Q: How do you think the comedy on “Insecure” has changed over four seasons?
A: I think in writing the show, obviously we write jokes in there but, since the inception, I never wanted to feel like it was a traditional sitcom where every line was a joke. You still want the dialogue to feel naturalistic. There’s that element. And … it is more about the situational; the situational element and the situational side of things. But I think we haven’t changed the way we approach comedy in the show over the course of four seasons.
Q: Is there more pressure now to create in this environment where you have so much support and love? Does that influence how you approach the writing?
A: We talk about that all the time and Prentice (Penny, an executive producer) and I are really clear about shutting out the outside world in the writers’ room. … But I think — initially I was like, what is all this, what is all this pressure? But then someone told me like, “No, people really view your show as realistic and they see themselves in these characters and so when they don’t see a condom present, they’re just like, “Oh, I wouldn’t do that,” and it takes you out the story. And I think that’s, for me, what alarmed me was like, oh, if it’s taking you out the story, then I don’t want that and so let’s make sure that our viewers stay engaged.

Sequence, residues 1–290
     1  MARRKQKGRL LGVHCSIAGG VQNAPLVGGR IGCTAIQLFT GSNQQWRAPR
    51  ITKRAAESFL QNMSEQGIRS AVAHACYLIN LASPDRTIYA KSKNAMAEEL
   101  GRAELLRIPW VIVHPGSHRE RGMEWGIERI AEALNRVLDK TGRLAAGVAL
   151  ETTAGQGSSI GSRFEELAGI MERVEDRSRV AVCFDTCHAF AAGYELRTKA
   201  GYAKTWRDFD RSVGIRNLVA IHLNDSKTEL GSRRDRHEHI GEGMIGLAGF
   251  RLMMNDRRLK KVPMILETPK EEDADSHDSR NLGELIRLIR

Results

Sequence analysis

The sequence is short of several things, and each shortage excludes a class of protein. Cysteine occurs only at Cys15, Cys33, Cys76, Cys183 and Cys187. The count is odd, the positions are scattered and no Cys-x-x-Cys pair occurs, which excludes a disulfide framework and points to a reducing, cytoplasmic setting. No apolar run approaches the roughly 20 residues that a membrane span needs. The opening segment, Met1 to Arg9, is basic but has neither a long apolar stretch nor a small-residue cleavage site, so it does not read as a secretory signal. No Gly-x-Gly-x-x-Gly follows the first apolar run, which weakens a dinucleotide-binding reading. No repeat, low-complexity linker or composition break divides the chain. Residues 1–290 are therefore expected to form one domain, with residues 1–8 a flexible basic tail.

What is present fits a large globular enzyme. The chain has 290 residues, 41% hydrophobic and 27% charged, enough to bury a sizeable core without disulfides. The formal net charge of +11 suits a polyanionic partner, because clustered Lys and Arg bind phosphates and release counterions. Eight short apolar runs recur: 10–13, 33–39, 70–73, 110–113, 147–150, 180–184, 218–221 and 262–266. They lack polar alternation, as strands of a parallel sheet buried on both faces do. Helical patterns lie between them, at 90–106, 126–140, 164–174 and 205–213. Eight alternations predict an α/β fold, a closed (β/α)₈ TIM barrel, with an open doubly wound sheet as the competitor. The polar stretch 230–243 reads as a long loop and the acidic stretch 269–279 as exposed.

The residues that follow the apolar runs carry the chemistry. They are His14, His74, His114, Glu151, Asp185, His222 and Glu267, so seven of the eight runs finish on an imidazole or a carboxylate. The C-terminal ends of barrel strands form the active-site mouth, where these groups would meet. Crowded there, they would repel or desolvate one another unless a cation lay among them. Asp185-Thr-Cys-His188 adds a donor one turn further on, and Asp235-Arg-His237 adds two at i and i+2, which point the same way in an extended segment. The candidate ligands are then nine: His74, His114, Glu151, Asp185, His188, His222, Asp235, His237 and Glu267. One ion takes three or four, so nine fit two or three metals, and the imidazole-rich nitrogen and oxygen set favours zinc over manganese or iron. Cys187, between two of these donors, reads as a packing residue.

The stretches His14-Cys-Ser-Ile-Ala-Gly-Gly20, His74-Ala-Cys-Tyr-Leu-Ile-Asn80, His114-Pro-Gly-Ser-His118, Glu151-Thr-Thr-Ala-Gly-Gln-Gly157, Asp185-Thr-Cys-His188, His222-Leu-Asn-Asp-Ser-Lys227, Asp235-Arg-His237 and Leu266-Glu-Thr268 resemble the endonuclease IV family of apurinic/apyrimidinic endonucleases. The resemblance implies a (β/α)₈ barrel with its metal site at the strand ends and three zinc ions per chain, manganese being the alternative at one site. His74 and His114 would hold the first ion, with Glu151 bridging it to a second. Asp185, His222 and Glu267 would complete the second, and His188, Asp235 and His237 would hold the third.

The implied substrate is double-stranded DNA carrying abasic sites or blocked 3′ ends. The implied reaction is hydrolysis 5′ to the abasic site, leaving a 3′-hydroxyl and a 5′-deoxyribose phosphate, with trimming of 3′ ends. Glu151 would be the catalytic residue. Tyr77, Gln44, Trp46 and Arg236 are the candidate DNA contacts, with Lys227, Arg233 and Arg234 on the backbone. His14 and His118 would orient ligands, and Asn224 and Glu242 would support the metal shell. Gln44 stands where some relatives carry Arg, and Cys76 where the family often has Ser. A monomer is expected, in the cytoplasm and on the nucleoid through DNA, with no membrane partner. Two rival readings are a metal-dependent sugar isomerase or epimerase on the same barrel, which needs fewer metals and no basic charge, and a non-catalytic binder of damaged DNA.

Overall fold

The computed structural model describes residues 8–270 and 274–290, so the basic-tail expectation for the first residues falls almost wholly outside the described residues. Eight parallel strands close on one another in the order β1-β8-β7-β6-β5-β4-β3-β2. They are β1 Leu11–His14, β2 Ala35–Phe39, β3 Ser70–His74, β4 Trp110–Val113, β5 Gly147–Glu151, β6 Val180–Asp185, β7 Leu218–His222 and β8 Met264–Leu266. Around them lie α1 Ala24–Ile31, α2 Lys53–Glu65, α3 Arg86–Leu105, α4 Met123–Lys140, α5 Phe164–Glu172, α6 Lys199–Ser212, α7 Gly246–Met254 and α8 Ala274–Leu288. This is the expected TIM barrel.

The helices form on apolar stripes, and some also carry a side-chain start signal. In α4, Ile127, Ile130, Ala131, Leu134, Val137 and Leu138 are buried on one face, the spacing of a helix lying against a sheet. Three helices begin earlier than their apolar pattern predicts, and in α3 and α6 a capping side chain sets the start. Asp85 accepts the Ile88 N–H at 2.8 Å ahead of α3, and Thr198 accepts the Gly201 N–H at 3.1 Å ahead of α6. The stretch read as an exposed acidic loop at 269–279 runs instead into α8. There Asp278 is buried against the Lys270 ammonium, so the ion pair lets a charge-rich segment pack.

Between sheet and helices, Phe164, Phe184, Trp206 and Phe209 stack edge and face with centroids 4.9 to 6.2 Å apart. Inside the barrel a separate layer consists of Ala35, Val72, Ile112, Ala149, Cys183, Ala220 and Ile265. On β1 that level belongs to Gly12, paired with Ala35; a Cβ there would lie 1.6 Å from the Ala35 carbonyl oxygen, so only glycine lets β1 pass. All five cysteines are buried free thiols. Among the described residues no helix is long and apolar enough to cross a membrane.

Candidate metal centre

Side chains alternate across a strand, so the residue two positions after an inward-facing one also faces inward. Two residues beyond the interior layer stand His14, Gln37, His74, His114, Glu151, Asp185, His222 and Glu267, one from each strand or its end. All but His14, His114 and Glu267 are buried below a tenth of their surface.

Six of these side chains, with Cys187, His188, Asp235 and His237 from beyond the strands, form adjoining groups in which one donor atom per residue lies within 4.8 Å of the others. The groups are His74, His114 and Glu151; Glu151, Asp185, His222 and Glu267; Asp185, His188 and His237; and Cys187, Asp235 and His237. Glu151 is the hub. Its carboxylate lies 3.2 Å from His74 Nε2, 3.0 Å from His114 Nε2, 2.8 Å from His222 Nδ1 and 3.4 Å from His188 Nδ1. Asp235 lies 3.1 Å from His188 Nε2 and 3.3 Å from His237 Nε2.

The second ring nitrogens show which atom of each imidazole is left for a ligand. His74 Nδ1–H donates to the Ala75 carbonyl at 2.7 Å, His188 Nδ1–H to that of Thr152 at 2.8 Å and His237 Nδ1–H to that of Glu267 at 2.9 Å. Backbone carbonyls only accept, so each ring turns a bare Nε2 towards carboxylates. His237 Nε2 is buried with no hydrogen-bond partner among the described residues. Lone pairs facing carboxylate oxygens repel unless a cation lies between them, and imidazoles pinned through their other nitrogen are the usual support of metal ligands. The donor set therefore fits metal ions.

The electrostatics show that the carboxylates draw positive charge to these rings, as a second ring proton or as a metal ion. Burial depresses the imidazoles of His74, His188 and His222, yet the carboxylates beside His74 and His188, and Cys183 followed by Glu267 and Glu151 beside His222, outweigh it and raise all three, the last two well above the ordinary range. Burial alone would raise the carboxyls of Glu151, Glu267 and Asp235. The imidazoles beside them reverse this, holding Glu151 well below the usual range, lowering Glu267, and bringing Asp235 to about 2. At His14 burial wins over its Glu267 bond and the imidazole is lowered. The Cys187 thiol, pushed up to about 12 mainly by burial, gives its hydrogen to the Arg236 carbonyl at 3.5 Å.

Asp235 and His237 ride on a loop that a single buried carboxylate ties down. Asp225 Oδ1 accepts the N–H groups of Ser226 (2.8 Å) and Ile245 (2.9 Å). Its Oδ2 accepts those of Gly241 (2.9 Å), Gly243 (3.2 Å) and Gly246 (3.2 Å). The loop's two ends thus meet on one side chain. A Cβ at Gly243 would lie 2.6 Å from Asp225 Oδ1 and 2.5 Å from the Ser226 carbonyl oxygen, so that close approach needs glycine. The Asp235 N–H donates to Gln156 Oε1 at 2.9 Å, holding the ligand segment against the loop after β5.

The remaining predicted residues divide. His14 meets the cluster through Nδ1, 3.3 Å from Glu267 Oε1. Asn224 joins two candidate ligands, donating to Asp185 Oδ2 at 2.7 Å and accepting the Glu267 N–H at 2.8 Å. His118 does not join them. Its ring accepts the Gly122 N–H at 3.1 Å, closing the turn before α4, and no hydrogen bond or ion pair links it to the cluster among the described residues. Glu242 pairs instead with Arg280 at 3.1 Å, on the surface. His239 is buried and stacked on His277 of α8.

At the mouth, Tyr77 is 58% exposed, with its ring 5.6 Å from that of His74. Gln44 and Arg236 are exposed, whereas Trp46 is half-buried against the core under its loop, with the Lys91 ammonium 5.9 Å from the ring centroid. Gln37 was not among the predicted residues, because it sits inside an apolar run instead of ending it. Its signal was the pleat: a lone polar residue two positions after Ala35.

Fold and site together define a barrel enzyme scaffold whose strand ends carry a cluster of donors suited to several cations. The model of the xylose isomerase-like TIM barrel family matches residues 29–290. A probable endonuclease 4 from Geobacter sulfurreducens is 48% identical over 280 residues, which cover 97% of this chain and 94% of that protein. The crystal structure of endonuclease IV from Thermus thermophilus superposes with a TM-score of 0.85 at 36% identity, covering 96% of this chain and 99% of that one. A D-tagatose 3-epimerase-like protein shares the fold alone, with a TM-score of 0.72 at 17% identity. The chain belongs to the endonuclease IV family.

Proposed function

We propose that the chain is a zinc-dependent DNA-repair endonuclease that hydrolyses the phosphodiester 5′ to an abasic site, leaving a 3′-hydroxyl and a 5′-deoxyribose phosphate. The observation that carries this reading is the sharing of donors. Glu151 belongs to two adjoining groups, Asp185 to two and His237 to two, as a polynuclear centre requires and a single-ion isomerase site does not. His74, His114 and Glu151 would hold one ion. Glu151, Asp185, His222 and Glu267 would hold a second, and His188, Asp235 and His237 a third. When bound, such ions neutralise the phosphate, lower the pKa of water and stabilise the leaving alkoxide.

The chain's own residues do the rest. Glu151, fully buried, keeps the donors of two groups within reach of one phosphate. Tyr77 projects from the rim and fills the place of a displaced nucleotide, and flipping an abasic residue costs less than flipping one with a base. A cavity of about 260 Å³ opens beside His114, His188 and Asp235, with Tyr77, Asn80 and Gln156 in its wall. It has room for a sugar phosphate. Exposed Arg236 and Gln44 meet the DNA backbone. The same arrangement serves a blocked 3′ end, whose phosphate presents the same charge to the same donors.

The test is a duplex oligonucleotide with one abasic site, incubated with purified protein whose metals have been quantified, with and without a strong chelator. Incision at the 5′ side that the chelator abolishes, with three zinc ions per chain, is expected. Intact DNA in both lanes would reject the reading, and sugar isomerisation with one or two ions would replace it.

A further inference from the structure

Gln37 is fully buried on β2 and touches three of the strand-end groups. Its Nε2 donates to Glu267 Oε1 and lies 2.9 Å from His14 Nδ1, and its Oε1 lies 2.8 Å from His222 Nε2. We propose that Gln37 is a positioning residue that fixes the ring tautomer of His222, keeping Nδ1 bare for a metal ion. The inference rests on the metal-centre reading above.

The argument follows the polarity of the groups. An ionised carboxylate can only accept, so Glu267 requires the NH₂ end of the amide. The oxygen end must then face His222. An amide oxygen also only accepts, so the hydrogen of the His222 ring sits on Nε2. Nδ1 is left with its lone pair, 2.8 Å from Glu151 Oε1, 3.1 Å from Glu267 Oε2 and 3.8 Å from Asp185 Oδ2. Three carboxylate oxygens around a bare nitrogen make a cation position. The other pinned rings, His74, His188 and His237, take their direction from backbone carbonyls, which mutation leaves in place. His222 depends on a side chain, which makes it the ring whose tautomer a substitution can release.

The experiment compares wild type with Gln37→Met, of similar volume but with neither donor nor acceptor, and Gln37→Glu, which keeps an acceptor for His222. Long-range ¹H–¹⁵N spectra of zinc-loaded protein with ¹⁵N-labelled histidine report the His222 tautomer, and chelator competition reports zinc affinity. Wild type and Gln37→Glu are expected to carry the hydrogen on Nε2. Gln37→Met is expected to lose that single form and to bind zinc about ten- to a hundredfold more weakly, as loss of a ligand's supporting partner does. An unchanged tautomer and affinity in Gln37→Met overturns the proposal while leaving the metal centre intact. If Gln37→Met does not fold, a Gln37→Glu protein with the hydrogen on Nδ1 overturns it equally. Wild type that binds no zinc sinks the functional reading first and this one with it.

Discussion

And beyond that, I think the other feedback — the instant feedback can be daunting, but it’s just like it’s part of it. That’s the culture that we’re in currently and all you can do is just continue to create and stay true to your story.
George Dickie has been a features writer for Gracenote/Tribune Media Services since 1989, when “Hee-Haw” was still on the air and George “Goober” Lindsay was his first interview. His early interviews ranged from Jim Henson and Dick Van Dyke to Phil Collins and the Dixie Chicks.